The Coast Guard, who scrambled to respond to the BP oil well explosion and oil spill, is about to lose an entire class of ships to the masters of federal spending at the Office of Management and Budget.
The Offshore Patrol Cutter, which the Coast Guard is getting ready to begin buying, appears likely to fall to the OMB ax, says one source who closely follows the Coast Guard. Worth somewhere between $300 million and $400 million through the life of the program, the OPC would replace the Famour and Reliance class cutters.
The Offshore Patrol cutter is the successor to the 270' Famous class and the 210' Reliance class Medium Endurance Cutters. It would be 300 to 399 feet and possess a range of at least 7,500 nautical miles, depending on which source you talk with.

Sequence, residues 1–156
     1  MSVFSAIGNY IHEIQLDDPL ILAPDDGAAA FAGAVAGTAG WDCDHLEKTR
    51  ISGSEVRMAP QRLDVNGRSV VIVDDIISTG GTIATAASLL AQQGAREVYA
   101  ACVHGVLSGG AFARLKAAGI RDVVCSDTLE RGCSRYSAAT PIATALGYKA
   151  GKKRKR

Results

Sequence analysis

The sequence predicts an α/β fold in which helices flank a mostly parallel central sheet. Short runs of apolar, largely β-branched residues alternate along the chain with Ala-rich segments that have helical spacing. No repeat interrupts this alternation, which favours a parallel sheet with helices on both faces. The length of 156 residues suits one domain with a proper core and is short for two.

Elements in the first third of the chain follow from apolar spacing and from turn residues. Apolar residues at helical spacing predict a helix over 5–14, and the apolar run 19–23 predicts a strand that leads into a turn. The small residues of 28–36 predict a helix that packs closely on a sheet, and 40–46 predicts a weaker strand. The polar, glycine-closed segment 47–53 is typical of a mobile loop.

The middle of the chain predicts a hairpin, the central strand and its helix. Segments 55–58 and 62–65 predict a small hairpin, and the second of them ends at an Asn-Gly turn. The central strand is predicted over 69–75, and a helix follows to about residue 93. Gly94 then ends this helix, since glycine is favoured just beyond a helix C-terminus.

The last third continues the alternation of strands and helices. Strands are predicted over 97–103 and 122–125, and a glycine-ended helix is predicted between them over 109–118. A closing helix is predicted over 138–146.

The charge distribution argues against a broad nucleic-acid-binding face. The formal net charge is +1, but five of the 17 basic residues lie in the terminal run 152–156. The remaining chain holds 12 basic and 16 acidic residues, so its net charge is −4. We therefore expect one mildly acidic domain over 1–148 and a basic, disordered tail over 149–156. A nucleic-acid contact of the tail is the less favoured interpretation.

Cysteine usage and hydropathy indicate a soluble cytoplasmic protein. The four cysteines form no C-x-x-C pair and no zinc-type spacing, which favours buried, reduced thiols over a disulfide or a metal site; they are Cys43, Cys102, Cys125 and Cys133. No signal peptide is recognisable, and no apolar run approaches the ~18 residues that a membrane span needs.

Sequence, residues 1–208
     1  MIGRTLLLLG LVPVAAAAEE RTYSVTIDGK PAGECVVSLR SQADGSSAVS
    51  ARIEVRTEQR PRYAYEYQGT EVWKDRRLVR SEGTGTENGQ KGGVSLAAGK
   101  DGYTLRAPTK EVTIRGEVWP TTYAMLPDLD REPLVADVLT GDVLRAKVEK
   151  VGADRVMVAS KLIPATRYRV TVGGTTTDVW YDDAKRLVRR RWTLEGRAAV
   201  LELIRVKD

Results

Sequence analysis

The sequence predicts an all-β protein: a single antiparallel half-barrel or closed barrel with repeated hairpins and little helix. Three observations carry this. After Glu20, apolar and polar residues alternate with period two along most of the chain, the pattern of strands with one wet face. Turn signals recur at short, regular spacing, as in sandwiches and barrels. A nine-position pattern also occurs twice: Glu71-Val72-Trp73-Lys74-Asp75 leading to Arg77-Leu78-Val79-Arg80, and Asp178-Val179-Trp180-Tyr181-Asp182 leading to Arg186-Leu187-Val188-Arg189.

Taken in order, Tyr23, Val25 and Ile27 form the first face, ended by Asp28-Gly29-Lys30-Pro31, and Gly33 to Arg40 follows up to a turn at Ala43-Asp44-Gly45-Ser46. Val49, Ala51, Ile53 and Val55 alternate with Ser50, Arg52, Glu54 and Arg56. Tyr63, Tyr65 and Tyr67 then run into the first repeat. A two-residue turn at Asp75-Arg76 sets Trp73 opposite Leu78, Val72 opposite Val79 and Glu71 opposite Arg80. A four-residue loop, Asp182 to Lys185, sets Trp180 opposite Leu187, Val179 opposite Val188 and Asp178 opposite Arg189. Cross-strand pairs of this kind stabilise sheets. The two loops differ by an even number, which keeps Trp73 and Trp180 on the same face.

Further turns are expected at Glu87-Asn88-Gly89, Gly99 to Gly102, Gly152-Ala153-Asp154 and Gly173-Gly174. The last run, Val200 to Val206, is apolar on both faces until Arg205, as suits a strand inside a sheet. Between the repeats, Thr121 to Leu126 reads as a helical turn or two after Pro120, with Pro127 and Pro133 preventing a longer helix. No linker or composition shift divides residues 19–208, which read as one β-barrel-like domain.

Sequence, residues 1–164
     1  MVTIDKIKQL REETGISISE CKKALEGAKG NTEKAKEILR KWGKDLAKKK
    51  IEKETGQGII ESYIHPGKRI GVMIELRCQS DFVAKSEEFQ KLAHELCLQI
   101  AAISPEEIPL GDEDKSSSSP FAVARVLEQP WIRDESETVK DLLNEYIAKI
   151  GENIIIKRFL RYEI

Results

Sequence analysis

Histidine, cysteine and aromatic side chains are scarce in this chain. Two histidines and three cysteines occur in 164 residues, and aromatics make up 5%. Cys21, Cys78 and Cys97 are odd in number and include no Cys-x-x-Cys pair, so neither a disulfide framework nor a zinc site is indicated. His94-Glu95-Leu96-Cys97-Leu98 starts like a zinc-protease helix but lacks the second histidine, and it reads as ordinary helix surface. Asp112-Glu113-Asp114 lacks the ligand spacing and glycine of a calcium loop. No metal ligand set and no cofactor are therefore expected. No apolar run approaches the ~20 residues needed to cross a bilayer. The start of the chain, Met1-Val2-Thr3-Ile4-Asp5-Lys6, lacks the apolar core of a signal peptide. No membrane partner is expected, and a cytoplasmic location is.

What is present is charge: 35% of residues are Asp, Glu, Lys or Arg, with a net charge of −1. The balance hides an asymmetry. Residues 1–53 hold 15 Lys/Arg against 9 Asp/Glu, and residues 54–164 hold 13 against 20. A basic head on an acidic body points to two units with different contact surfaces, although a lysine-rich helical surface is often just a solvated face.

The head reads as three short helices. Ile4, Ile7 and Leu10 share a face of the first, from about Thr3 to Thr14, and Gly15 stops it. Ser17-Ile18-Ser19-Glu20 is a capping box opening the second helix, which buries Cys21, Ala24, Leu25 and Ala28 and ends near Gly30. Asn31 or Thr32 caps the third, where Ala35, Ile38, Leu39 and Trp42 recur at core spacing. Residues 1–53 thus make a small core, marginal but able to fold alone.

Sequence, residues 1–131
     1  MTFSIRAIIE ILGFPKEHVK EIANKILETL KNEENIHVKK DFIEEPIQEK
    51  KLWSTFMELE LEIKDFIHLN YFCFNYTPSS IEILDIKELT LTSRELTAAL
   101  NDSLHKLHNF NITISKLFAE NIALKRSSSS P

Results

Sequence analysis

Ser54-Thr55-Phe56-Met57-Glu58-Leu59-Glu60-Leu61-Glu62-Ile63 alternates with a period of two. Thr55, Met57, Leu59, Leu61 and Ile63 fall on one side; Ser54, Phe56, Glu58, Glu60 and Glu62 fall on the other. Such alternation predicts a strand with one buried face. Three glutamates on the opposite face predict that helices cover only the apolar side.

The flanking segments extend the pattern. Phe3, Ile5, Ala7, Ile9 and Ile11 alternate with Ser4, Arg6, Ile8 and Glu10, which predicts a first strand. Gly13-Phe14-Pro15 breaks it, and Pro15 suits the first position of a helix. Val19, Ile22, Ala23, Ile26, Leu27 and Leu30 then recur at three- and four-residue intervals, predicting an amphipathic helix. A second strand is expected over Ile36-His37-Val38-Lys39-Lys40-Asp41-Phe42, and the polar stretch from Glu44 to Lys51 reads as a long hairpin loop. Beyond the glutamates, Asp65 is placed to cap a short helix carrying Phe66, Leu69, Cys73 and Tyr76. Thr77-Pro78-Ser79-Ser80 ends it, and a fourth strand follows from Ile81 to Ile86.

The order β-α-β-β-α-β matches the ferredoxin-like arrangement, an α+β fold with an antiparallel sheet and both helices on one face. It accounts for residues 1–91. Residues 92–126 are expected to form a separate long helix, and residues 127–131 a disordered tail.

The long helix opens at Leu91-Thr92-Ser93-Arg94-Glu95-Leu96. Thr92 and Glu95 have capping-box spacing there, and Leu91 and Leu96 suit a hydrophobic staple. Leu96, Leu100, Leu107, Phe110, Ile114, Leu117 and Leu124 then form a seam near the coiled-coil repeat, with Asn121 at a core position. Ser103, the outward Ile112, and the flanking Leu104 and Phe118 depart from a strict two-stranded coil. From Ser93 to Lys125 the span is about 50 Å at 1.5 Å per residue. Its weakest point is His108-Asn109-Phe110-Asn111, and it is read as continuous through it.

The program is in its infancy, which may be why OMB wants to cut it before any money starts flowing. Chris Cavas at Navy Times reported that the Coasties are talking to shipbuilders about the best technical and acquisition approaches for the ship. No contracts are due to be awarded for at least another year, so from OMB's perspective this looks like the best time to save the most money. However, given the Coasties' numerous duties -- drug interdiction, rescues, anti-piracy ops, homeland security patrols, oil cleanup etc etc -- it seems a strange time to reduce the service's ability to do long-range patrols with ships that should be more efficient and more effective.